Escape takes many forms. One of them certainly is escape into the past.

The late Carol Shilkett embodied, I think, that brand of romanticism, although she was enough of a realist to have called it something quite different. When I knew her she taught the literature of medieval Europe at Alfred University. A brilliant scholar, she was in every sense of the word an exemplar of what a university either is or should be.

Carol Shilkett died in 1995. She was 48 and lived in Hornell, where she was a communicant of St. Ann’s Church. She never married.

What follows is the profile of Shilkett I wrote 40 years ago, when I worked as director of the Alfred University news bureau.

She has a friendly, open face, with close-cropped dark hair, and she wears a wide smile, bright Scotch plaid and oversized contemporary glasses, hardly the getup, you might say, of a woman who in her work and thinking has turned away from cultural modernism and lives her life entirely devoted to the study of antiquity.

But I see no contradiction. Carol Shilkett is a teacher, not an apologist for current trends. Her classroom is a lecture hall at Alfred University. And her subject, four to twelve centuries removed from the present day, is the medieval literature of Bede and Chaucer. Some critics dismiss what she does as the most irrelevant field of scholarship in higher education.

“Nonsense,” scoffs Shilkett. “There’s a good linguistic reason for going back to the Middle Ages. Our language, as well as our culture, developed from that time.”

For Shilkett, medieval studies have, or should have, a central place in a university curriculum. History, politics, psychology, the development of language and the growth of the storyteller’s art are some of the themes she identifies in medieval poetry and prose.

“They tend to pull what otherwise might seem to be a remote field of study into focus in the modern university,” she declares. “They really are what a liberal arts education is about. We want to turn out a student who has some familiarity with these disciplines, who can acquire some sense of how he or she can fit into the modern world after leaving the ivory tower.”

Shilkett is a native Californian who earned her doctorate in English at Michigan State University. She has taught at Alfred since 1972, for the past few years with the rank of associate professor of English.

Her courses include a survey of English literature from the 8th-century Anglo-Saxon poem Beowulf to Spencer’s 16th-century Faerie Queene. Her special area of scholarship is Geoffrey Chaucer, whose bawdy, brawling classic, The Canterbury Tales, offers a rare glimpse of life and society in 14th-century England.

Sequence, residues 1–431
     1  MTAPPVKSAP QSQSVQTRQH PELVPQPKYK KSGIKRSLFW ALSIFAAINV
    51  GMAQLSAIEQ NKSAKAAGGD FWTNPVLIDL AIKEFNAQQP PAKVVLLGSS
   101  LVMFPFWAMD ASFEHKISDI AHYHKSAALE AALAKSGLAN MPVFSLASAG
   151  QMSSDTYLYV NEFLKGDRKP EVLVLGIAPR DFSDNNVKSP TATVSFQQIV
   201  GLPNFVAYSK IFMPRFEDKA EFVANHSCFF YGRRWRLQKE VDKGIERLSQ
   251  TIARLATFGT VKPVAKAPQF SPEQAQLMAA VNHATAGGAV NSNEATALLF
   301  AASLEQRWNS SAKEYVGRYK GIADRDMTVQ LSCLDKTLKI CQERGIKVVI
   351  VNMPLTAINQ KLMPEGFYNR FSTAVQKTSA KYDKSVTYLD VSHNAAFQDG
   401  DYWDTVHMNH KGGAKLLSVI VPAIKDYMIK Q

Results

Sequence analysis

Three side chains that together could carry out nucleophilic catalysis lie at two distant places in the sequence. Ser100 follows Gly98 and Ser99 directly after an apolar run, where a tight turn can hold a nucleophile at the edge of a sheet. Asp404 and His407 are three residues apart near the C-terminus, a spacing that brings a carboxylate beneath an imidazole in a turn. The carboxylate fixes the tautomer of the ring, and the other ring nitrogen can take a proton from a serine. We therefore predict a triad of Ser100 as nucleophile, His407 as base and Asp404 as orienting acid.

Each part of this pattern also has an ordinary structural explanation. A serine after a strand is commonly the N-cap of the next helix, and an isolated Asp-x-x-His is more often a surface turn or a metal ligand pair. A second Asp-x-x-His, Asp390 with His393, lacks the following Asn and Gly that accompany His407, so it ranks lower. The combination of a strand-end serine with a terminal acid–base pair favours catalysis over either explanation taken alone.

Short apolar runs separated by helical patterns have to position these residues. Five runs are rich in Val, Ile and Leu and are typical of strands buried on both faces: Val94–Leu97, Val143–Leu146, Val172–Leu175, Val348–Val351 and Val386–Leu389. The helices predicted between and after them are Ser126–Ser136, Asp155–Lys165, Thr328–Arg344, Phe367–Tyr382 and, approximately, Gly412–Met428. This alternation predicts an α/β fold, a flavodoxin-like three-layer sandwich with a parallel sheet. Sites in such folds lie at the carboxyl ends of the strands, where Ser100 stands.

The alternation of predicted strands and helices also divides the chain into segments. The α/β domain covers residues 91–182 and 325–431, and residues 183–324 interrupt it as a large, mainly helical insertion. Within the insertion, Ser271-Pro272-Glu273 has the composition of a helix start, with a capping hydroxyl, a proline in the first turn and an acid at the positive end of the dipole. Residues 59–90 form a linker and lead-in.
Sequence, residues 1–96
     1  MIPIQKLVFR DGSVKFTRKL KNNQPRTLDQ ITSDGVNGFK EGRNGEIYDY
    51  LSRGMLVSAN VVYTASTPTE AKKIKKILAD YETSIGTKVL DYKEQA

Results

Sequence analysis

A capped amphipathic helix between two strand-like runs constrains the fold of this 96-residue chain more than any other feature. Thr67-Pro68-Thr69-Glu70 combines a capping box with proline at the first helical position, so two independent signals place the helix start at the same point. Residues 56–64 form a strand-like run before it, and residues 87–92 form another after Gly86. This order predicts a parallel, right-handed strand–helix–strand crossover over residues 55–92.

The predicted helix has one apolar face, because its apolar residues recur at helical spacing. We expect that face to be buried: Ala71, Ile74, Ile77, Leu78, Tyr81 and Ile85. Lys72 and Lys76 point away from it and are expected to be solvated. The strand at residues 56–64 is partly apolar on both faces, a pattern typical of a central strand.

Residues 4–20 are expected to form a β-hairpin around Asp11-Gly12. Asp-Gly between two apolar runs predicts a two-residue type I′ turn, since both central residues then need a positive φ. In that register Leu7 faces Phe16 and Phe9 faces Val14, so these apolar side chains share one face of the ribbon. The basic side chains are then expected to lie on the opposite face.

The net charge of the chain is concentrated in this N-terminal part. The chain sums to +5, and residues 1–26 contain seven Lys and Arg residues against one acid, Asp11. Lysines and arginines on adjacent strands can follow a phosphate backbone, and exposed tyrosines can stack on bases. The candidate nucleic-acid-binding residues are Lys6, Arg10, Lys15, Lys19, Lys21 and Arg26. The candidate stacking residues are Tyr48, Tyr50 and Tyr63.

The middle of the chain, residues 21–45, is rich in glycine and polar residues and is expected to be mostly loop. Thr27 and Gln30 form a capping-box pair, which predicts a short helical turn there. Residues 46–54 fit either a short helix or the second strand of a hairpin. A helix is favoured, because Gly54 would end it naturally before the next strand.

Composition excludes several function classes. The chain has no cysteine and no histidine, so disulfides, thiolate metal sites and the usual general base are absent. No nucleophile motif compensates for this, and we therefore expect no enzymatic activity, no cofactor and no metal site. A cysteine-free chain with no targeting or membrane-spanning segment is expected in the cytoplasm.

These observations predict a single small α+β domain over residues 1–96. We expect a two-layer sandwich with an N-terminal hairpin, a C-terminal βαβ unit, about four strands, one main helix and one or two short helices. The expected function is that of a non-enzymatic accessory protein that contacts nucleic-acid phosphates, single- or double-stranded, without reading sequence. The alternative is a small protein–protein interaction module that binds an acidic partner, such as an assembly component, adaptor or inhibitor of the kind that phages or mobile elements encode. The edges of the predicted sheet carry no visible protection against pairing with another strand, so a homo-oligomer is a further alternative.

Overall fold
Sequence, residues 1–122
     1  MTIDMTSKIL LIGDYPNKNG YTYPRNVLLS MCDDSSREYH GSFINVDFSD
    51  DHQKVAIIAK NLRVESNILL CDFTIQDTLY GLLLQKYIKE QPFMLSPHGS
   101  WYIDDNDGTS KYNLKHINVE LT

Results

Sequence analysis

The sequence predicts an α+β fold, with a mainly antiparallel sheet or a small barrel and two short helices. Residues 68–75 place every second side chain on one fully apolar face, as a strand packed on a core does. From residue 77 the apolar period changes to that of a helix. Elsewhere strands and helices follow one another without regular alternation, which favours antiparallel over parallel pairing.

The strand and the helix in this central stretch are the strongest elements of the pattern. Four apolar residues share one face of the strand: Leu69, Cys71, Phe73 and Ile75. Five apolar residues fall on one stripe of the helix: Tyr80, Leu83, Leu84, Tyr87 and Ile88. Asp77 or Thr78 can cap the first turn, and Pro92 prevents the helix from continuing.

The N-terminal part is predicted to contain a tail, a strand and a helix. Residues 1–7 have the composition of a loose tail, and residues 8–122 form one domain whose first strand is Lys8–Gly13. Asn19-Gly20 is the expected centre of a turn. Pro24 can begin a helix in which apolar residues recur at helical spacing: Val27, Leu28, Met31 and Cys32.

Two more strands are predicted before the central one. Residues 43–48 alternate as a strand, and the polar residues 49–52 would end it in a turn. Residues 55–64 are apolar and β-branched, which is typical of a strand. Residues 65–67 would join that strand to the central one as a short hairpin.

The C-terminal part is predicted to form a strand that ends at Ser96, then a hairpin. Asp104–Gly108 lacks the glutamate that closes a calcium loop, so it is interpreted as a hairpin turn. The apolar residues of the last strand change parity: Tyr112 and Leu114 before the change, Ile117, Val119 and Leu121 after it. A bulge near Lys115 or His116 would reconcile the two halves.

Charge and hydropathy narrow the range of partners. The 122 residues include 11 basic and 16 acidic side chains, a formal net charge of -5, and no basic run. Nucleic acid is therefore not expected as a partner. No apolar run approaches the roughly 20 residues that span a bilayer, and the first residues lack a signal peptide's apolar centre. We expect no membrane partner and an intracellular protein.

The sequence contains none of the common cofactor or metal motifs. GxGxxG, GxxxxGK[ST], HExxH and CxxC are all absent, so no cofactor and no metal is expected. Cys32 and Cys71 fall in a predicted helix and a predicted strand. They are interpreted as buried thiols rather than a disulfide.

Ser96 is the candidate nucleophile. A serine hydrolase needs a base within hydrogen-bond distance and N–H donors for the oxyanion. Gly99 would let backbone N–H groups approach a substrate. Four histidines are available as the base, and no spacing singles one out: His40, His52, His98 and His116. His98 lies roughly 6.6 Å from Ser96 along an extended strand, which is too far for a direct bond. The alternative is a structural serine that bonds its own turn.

Shilkett teaches medieval drama and French romances of chivalry and courtly love. From time to time she has lectured on Dante, the 14th-century Italian poet. She has also introduced students to the ancient liturgical music known as Gregorian chant.

As she speaks of the literature of antiquity, Shilkett’s hands lend emphasis to the points she makes. In response to a visitor’s question, she notes that many of her students see the Middle Ages in nostalgic terms. And although she herself denies harboring that particular attitude, there seems little room in her historical lexicon for the squalor, disease and brutality of the age.

“There’s something glamorous about knights and jousting,” she says. “It was a time when the bad guys all wore black hats. There was little confusion of roles. There was a simplicity about it that appeals to people today. There was a certainty about religion—people knew what they believed in.”

“But once you come to medieval literature,” she adds, “you find something else, something disconcertingly similar to modern life. This is one of the relevant parts of it. Students discover that the stereotypes they have of knights and ladies are not necessarily the people they find in the literature.”

Put another way, Shilkett suggests, the subjects studied are the eternal problems of thought, conduct and social organization.

The work is demanding. To read Chaucer, her students must first come to grips with the English language as written and spoken before 1400. It differs from modern English primarily in spelling and syntax. For example, The Canterbury Tales open with the lines:

“When that Aprille with his shoures soote,

The droughte of March hat perced to the roote”

“Which means when April’s sweet showers water the dry roots of March,” says Shilkett. “Students don’t think it’s possible to get the hang of it in the first or second day. But by day five they’re doing fine.”

Literature written in Latin, Old French and Anglo-Saxon—a language similar in structure to modern German—is read in translation.

Shilkett, who describes herself as a traditional Catholic, says her knowledge of theology is an adjunct to her teaching because so much of medieval literature has a religious base. She cites Dante’s Divine Comedy as a work of transcendent power and importance, but one that cannot be understood “without some sense of theology. To teach it without that background would be almost impossible.”

To students like Polly Harasack, a senior English major from Orchard Park, Shilkett’s teaching style is characterized by a bubbling enthusiasm for her subject. The past is a presence in the classroom, Harasack says. Indeed, Shilkett herself confesses little interest in contemporary literature. Her world is bound by the legend and reality of Camelot.

“I fell into medieval studies by accident,” Shilkett says. “I loved it and have been there ever since.”

(Alan Littell is a longtime contributor to the Olean Times Herald. He lives in Alfred.)